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Pages: 1Showing 1 - 17 of 17 for diarrhea sucralose. (0.001 seconds)

... Maybe the "fruit punch protein" drink is the culprit. Large amounts of fruit can cause diarrhea. Sucralose is not metabolized by the body or by the flora in the intestines. ... (14 replies)
... Typically no, but sucralose is often used with sugar alcohols (Maltitol) which if you have too much of can give you a pretty nasty case of gas and the runs. A protein drink should be A-OK, but don't make the mistake I made of purchasing sugar-free gummy worms and inhaling the whole package in one sitting. I paid dearly that night. (14 replies)
... Can sucralose cause diarrhea in people with IBS or sensetive digestive systems. I'm taking a fruit punch protein drink with sucralose in it after I work out. Just curious. ... (14 replies)

... For people who are sensitive to aspartame, sucralose and yeccchy saccharine, I recommend the very cheap cyclamates (sodium or calcium) which is available in most of the civilized world. Those in the U.S.A. have to order it from Canada (and bite the lower lip over shipping charges). It's about the same price as saccharine and cheaper than sucralose (Splenda). I've been... (14 replies)
... days after I consume it. I can easily connect these symptoms directly to the sucralose as I document everything I consume daily, including times. ... (14 replies)
... ubie, I've done YEARS (decades really) of experimenting on myself with cyclamates, saccharine (poison...eccccch!), aspartame (Nutrasweet) and recently sucralose (Splenda)....even mixed in bizarre combinations. I have a sensitive lower colon ( and some recent posts have twinged it ;):D...I'm sure you know which) But really these non-food sweetners have no effect at... (14 replies)
... Sucralose, sugar alchohols, and fermentable carbs are not "digested" in the traditional sense, meaning they are not absorbed into your bloodstream and converted into glucose (some of these substances are, but at a lesser rate than natural counterparts). If you are consuming these substances your body needs to excrete them. The path they follow is your intestinal track. All... (14 replies)
... Absolutely! Sucrolose is chlorinated sucrose - and many people are sensative to its chlorine components. Also, only about 30% of sucrolose is metabolized after consumed, the rest is excreted in your bowels. This is why the most common symptoms of sucrolose sensativity are nausea and diarreah. I would say if you have IBS you should avoid it. The same is true for sugar... (14 replies)
... Hey folks! FYI: If you are having the terrible symptoms most of you have described, please be aware that MANY sugar free products on the market that are labeled SPLENDA (because it is the newest trend) are largely sweetened with sugar alcohols (IE sorbitol, maltitol, xylitol, isomalt, etc...) these will cause extreme discomfort, gas, diarrhea, and are labeled with a warning... (9 replies)
... Hello. I drink Red Bull with no digestive problems despite having IBS. I know the caffeine should tear me up but it doesn't. Has anybody experienced any diarrhea, cramps, etc. with the sugar free Bull. It doesn't have sucralose which does put me in the bathroom, but it has the following differences in the sugar free: Acesulfame K Aspartame xanthan gum and, get ready... (1 replies)
... Its amazing how your sensitivity to sweetness will change after you stop sweetening things, whether it be with sugar or substitute sweeteners. I have become accustomed to not using any sweeteners and all of my food now tastes much sweeter naturally. It won't be immediate, but over time, say 3-4 weeks, you will really notice a difference. And its soooo much healthier! ... (14 replies)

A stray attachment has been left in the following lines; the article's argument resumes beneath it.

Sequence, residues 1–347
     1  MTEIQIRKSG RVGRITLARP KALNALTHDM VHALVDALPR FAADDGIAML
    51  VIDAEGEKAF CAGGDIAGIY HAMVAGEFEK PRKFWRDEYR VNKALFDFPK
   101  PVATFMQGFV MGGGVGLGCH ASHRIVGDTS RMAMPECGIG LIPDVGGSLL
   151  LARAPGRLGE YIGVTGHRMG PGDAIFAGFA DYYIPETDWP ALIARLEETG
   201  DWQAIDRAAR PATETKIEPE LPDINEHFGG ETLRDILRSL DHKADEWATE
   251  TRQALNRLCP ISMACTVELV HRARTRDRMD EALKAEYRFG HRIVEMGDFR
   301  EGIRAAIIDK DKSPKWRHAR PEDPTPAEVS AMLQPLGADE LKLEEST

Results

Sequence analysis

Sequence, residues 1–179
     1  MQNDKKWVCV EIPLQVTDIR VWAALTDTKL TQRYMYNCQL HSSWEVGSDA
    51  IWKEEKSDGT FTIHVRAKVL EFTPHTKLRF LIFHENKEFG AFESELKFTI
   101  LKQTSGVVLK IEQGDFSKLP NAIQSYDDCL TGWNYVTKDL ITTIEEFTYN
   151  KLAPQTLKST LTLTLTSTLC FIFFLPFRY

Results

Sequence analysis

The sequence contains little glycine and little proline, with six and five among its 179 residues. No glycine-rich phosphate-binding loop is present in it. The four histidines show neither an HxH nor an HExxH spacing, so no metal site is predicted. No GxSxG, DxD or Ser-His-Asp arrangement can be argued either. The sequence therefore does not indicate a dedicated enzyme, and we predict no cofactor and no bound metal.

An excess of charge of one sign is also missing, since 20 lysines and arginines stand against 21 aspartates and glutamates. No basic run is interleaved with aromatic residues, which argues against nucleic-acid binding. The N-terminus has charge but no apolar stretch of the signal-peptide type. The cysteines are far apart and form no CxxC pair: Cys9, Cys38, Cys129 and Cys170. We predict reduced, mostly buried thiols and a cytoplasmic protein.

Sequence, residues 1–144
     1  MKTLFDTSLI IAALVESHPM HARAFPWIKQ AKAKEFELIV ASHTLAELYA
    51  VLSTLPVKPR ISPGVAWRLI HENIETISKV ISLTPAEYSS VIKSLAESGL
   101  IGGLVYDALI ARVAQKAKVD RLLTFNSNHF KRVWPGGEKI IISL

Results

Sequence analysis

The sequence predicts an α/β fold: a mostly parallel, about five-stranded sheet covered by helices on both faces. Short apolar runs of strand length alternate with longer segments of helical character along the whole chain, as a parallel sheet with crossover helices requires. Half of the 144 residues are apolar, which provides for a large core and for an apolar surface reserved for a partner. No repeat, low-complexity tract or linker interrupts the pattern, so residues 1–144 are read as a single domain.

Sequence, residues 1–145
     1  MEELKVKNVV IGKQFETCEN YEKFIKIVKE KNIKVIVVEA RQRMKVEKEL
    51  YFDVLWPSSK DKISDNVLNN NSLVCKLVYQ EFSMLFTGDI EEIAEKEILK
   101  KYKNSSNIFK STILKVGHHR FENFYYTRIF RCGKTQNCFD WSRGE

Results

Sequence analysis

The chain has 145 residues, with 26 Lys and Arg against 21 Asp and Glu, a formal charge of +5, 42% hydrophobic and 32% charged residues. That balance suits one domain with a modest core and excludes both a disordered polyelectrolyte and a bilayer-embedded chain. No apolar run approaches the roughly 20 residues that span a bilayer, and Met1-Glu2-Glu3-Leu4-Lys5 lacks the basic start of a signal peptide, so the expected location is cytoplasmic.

... Splenda gives me headaches and Maltitol gives me cramps so they can't be good for you. Hello :nono: _________________ (14 replies)
... Stevia cannot be sold as a sweetener in the US because a) the FDA is in bed with the sugar/sugar substitute industry or b) the FDA simply has its collective head up its collective a** Do a google search and you'll find lots of info, including the fact that the FDA ordered a book burning (stevia cookbook, if you can believe that!) in Texas. They have NO studies supporting... (14 replies)
... I have read that too - that stevia is the only sweetener that does not trigger any insulin and also that it is naturally sweet and does not need chemical modification. But I thought stevia could not be purchased in the US - perhaps that has changed. I thought I read that the FDA had deemed it not suitable for consumption, but that they do allow it to be sold as a supplement.... (14 replies)
... I'm a fan of stevia-plus myself. It's not a sugar alcohol or chloronated molecule. It's made from the stevia plant and as far as I know (about..oh..that far ----------------------------------------------->) it's the only sweetener out there that does NOT result in an insulin release. It's usually shelved with the supplements instead of with sweeteners 'cause the FDA says... (14 replies)
... Zip, None of them did, not Splenda, not aspartame, etc. That doesn't apply to a fair amount of the sugar alcohols though, the distress that I get there is the same you experience, equal to a laxative. I was more concerned about some of the recent studies pointing to Splenda not being as benign as I thought. (14 replies)
... Zip, Initially I assumed the same thing as you, then later found out that there are studies that show not only partial absorption of this molecule but can result in HbA1c elevation. Apprarently, it can result in diarrahea in some people. Certainly I was disappointed and it's too bad, because I was a big user of Splenda until I read about a little more on some of the... (14 replies)

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